I want to create a dynamic regression model with ARIMA-errors. What I am trying to figure out is if the exogenous variable, x_t and the variable I want to predict, y_t need to have the exact same number of differencing, or if them both being stationary is enough.

For example, if one exogenous variable, x_t, needs to be differenced one time to be made stationary while the y_t needs to be differenced two times to be made stationary. Is one then forced to difference the x_t a second time even though it is already stationary?


You need the dependent variable and the independent variable to have the same order of integration, otherwise they would diverge from each other asymptotically, invalidating both the intuitive or subject-matter explanation and statistical properties of the estimators.

  • If $\Delta y_t$ and $x_t$ are not cointegrated, use $\Delta^2 y_t$ and $\Delta x_t$.
  • If $\Delta y_t$ and $x_t$ are cointegrated, use $\Delta^2 y_t$ and $\Delta x_t$ and include the error correction term as a regressor (unless $\Delta y_t$ does not correct towards equilibrium so that the loading of the error correction term is zero; this could be tested by including the error correction term and checking whether it is significantly different from zero).
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  • $\begingroup$ I'm confused. You say they need the same oder of integration, but then you say in the first point that I should use second difference for $y_t$ and first difference for $x_t$ if they are not cointegrated (which they aren't).Forecasting: principles and practice: "Check that the forecast variable and all predictors are stationary. If not, apply differencing until all variables are stationary. Where appropriate, use the same differencing for all variables to preserve interpretability." So I can use different difference levels but then I can't interpret the $x_t$?, but still use for forecasting. $\endgroup$ – Dididi Mar 31 '17 at 11:54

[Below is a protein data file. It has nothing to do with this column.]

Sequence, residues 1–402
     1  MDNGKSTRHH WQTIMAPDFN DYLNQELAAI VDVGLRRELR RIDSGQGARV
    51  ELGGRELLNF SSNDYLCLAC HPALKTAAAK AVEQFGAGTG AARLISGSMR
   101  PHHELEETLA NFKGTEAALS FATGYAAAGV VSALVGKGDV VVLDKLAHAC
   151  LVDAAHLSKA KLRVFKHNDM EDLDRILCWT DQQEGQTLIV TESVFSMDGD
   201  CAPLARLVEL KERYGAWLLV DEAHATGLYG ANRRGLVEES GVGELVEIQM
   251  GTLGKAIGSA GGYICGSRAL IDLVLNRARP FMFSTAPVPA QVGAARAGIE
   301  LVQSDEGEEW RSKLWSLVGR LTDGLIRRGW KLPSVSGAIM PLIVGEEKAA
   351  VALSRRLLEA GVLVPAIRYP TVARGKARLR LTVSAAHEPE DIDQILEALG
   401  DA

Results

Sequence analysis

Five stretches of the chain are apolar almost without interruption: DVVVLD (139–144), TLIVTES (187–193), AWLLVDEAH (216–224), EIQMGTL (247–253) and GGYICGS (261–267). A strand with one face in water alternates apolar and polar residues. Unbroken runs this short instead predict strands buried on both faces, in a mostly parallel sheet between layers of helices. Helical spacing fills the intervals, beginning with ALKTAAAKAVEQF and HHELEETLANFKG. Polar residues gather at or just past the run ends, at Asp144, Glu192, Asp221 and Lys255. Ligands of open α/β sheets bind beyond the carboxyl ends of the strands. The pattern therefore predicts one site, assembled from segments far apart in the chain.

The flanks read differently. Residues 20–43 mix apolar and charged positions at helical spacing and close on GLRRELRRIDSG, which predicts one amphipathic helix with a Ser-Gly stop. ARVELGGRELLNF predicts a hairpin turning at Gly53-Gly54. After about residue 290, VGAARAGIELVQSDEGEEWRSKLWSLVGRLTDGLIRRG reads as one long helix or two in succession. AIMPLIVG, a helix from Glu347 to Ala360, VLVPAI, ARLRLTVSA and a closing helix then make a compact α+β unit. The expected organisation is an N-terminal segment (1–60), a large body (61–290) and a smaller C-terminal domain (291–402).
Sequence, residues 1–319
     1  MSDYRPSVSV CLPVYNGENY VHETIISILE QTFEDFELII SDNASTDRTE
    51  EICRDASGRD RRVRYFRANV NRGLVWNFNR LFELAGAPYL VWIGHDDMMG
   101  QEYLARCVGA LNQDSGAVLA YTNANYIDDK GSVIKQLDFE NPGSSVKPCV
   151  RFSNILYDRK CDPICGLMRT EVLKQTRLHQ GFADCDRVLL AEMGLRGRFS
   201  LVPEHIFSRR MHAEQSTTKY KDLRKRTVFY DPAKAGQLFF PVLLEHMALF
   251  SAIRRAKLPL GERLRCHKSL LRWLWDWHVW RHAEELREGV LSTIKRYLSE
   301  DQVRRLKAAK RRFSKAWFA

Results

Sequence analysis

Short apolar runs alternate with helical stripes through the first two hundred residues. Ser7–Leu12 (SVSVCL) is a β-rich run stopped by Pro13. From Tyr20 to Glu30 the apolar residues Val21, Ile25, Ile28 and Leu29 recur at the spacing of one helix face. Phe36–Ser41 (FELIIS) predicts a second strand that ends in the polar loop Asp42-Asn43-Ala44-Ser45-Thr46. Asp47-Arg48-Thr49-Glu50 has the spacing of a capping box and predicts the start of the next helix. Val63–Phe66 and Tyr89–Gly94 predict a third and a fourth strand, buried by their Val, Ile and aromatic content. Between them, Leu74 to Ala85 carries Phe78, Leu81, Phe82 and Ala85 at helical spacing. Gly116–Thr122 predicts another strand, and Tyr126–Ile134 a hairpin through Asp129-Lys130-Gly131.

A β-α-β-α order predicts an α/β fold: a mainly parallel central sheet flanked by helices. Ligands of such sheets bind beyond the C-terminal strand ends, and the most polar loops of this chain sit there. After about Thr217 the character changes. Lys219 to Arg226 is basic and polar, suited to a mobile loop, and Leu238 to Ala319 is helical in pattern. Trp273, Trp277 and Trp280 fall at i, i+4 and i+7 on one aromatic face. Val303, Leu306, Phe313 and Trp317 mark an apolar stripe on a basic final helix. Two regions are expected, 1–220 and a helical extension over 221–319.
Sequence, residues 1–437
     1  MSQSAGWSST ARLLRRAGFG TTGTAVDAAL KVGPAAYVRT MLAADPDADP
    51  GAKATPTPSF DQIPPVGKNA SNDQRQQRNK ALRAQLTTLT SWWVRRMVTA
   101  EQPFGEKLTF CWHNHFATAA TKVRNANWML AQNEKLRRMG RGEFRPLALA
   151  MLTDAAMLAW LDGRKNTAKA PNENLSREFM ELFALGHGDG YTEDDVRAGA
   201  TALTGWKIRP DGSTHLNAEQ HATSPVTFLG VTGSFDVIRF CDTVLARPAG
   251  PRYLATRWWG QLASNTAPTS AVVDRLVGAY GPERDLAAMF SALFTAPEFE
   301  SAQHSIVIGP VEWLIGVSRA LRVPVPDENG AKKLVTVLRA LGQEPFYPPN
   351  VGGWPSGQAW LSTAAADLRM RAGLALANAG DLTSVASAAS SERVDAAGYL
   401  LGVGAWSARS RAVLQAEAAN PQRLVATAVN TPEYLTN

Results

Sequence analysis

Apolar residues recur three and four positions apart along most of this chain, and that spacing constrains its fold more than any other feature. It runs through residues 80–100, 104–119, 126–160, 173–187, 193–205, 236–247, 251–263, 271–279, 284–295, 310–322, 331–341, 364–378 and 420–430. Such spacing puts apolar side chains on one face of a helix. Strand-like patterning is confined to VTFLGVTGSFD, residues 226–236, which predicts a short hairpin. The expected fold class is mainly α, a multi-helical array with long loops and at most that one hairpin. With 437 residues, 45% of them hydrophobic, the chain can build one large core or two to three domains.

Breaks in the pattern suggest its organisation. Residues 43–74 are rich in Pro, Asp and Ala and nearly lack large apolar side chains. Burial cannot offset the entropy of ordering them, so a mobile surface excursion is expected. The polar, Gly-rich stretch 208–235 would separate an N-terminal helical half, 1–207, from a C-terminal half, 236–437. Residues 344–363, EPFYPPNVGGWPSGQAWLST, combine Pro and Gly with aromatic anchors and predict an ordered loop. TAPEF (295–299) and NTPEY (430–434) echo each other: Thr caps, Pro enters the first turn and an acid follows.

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    $\begingroup$ My formulation was poor; now edited the first sentence, hopefully it is clearer. Regarding interpretation, $\Delta z_t$ is the change in $z$ from $t-1$ to $t$ (something like a growth rate), which is straightforward to interpret; $\Delta^2 z_t$ is the change in $\Delta z$ from $t-1$ to $t$ (something like a rate of acceleration), which is still interpretable. $\endgroup$ – Richard Hardy Mar 31 '17 at 12:04
  • $\begingroup$ I think I know my problem. I made the $x_t$ stationary before using it in the arima() function as the xreg. But the arima() function automatically differs the $x_t$ so that they have the same order of integration. Like: arima(y, order = c(1,2,0), xreg=x[differenced]) This means my $x_t$ was differenced 3 times instead of 1 which I thought. Giving poor forecast performance. When I put in the $x_t$ variable directly without differencing first the forecast is excellent! $\endgroup$ – Dididi Mar 31 '17 at 12:24
  • $\begingroup$ @Dididi, I do not think arima transforms the xreg variable in any way. To the contrary, it takes it exactly as you supply it. But I am glad you got it to work. $\endgroup$ – Richard Hardy Mar 31 '17 at 13:01
  • $\begingroup$ Hello, in forecasting: principles and differencing it says "The R function Arima() will fit a regression model with ARIMA errors if the argument xreg is used. The order argument specifies the order of the ARIMA error model. If differencing is specified, then the differencing is applied to all variables in the regression model before the model is estimated." Am I understanding this wrong? $\endgroup$ – Dididi Mar 31 '17 at 15:24

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